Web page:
From All Systems Go to a Deep Recession in One Month
The first reported case of COVID-19 occurred in China in November 2019. At that time, the U.S. economy was humming, supporting a 50-year low in unemployment and approaching 2020 with what appeared to be irresistible force. Worker and skills shortages were impacting many industries, including construction, driving wages higher in conjunction with a growing number of companies, states and municipalities raising minimum wages for a variety of reasons.
The result was a consumer spending cycle that foretold of no immediate end. Rising home prices and a booming stock market intensified the spending power of economic actors and their confidence in the future, resulting in additional economic momentum. As if that were not enough, inflation and interest rates remained low, albeit steady, amid the lengthiest expansion in American history, keeping the cost of capital low. From the perspective of fomenting demand for the delivery of construction services, this represented a nearly perfect environment.
Economists who had been predicting recession because of a set of emerging vulnerabilities (e.g., massive indebtedness at household and corporate levels, lofty asset prices) began to doubt their own projections. America’s economic expansion appeared indefatigable.
Recent History: A Shock to Demand
In an attempt to better understand the economic implications of the ongoing crisis, many people have attempted comparisons between the current period and other periods of economic distress. The most popular comparison appears to be with the 2007-2009 recession.
Here’s what happened. Following the economic recovery after the 2001 recession—combined with low mortgage rates and demographics—created a demand for housing. Home prices drifted higher, inducing many renters to pursue homeownership in an attempt to participate in the rally. This produced further home price increases in much of the nation.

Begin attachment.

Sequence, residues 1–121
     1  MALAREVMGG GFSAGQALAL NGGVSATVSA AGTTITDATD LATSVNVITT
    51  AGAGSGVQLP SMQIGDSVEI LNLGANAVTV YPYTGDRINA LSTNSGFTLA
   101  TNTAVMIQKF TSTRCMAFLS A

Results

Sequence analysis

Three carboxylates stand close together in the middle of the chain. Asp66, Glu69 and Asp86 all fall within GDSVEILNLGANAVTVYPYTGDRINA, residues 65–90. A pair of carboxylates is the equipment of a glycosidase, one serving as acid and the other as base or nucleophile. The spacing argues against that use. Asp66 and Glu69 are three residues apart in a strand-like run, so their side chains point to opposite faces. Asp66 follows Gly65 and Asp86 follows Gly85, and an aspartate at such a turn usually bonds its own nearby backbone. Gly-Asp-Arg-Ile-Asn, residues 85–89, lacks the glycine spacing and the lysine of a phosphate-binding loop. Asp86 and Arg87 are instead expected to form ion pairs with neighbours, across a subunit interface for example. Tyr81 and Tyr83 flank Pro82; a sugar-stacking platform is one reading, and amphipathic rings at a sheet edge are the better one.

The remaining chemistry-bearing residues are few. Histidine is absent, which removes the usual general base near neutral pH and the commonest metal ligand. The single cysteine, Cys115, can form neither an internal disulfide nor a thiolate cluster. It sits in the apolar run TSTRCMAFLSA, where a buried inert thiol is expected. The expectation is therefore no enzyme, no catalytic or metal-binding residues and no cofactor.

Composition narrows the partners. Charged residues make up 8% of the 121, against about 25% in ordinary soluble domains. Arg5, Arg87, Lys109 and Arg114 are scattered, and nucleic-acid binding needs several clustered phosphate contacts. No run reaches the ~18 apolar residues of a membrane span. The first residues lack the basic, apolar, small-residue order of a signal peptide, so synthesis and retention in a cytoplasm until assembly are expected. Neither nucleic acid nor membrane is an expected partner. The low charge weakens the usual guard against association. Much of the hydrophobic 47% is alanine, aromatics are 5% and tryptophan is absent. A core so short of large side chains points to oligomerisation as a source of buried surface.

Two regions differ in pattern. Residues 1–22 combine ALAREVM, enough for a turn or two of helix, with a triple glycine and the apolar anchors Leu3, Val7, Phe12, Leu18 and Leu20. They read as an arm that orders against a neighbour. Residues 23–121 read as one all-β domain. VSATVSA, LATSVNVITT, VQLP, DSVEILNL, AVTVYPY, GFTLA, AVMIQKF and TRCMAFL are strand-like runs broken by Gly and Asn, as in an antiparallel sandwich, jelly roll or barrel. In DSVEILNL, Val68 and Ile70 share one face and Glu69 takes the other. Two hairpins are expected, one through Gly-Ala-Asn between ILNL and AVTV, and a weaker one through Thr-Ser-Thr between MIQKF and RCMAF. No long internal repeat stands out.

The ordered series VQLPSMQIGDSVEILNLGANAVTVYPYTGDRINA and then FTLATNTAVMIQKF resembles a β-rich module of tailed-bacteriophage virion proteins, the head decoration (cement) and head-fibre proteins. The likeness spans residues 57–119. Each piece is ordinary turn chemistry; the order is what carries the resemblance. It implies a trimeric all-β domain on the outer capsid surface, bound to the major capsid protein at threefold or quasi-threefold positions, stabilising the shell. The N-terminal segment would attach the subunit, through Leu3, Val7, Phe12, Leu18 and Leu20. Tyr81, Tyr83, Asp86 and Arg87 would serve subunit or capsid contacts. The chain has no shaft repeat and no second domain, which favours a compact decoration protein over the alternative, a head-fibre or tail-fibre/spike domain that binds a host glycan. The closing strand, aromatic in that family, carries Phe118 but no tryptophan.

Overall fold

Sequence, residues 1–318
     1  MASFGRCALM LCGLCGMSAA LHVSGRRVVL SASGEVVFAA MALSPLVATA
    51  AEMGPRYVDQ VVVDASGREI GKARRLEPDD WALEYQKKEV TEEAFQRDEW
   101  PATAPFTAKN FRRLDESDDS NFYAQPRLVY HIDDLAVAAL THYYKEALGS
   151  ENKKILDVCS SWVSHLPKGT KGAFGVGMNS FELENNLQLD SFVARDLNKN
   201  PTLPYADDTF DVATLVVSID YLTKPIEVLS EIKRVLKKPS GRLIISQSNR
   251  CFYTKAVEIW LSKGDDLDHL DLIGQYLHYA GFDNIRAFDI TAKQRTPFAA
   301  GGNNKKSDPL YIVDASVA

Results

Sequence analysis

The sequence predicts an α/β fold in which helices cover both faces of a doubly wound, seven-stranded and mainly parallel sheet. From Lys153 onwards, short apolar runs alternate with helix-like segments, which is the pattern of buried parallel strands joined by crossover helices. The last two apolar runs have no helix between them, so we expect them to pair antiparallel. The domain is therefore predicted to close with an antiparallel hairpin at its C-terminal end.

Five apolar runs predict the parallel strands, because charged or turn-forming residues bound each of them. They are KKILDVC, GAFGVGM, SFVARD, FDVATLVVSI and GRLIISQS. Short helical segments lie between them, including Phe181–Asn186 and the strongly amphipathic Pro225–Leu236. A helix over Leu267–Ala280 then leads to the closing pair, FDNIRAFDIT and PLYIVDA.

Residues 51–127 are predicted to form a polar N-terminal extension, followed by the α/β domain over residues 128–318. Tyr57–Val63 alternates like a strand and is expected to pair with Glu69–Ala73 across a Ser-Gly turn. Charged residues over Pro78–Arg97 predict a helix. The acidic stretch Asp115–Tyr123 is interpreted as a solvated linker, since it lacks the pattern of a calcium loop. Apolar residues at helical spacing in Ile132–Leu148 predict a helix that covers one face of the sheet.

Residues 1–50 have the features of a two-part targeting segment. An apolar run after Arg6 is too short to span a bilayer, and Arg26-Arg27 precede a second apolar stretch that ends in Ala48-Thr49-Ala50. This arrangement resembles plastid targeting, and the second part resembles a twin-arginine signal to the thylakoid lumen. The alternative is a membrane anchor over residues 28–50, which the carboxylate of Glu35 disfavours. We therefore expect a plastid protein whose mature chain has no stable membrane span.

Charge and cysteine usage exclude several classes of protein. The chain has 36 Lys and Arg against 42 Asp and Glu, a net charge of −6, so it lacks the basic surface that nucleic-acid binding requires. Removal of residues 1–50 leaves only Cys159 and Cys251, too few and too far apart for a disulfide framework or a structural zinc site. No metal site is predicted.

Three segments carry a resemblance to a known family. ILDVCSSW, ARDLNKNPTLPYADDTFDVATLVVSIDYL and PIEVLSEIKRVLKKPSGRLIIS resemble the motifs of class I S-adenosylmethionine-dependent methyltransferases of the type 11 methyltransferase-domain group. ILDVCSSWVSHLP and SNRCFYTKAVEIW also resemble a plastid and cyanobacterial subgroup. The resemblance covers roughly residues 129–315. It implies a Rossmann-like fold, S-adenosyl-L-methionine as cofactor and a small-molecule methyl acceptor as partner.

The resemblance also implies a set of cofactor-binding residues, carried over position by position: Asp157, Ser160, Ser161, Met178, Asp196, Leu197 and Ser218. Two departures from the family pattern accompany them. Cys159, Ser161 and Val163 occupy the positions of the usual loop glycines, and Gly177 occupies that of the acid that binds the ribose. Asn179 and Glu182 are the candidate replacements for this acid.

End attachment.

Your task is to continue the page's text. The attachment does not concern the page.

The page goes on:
Mortgage bankers, seeing an opportunity to generate income for their financial institutions, began expanding their lending. Because associated loans are backed by collateral (the American home), and because that collateral was becoming more valuable, perceived risk appeared low.
But to continue to make loans in large numbers and to generate the requisite levels of liquidity, bankers needed new sources of funds. Those making mortgages looked to Wall Street to package mortgages together, securitize them and sell them to investors in the form of collateralized mortgage-backed securities. As previously made mortgages were sold off in large amounts, the resulting proceeds could be used to fund the next series of mortgages.
Major ratings agencies looked favorably upon these mortgage-backed securities, giving them a thumbs up. As if that were not enough, investors were able to buy insurance against default in the form of credit default swaps. This appeared to be a perfect setup, with more individuals participating in the American dream, investors safely earning returns and mortgage bankers, insurers, title companies, realtors and others earning large fees and commissions in the process.
This was also a phenomenal period for construction firms, as commercial construction followed residential development. The problem was that some people were allocated mortgages they could not hope to repay. By late-2005 and into 2006, more Americans were missing their payments.
Predictably, credit began to dry up as lenders sought to avoid additional defaults and delinquencies. Suddenly, there was a dearth of buyers. Home prices began to decline, and with it the collateral available to back loans. Major investment banks found themselves on the brink of catastrophe.
By September 2008, financial markets were crashing, unemployment was skyrocketing and the construction backlog began to dry up. The fundamental problem was that the financial system and broader economy were drained of liquidity and capital. The money disappeared. The global financial crisis that began when Lehman Brothers faltered on Sept. 15, 2009, produced a shock to demand.
In response, the Federal Reserve and the Treasury Department identified various mechanisms by which to pump money back into the economy (e.g. quantitative easing, TARP), and that ultimately helped to fashion the lengthiest economic expansion in American history.
2020: A Shock to Supply
While it is true that the economic dislocations suffered during that period were massive, including for construction firms, the current period defies comparison.
This time is truly different from all others in that America is now experiencing a supply shock. The economy went from the equivalent of 60 to 0 in the blink of an eye as social distancing directives permeated the nation, first and foremost in major employment centers on the East and West coasts.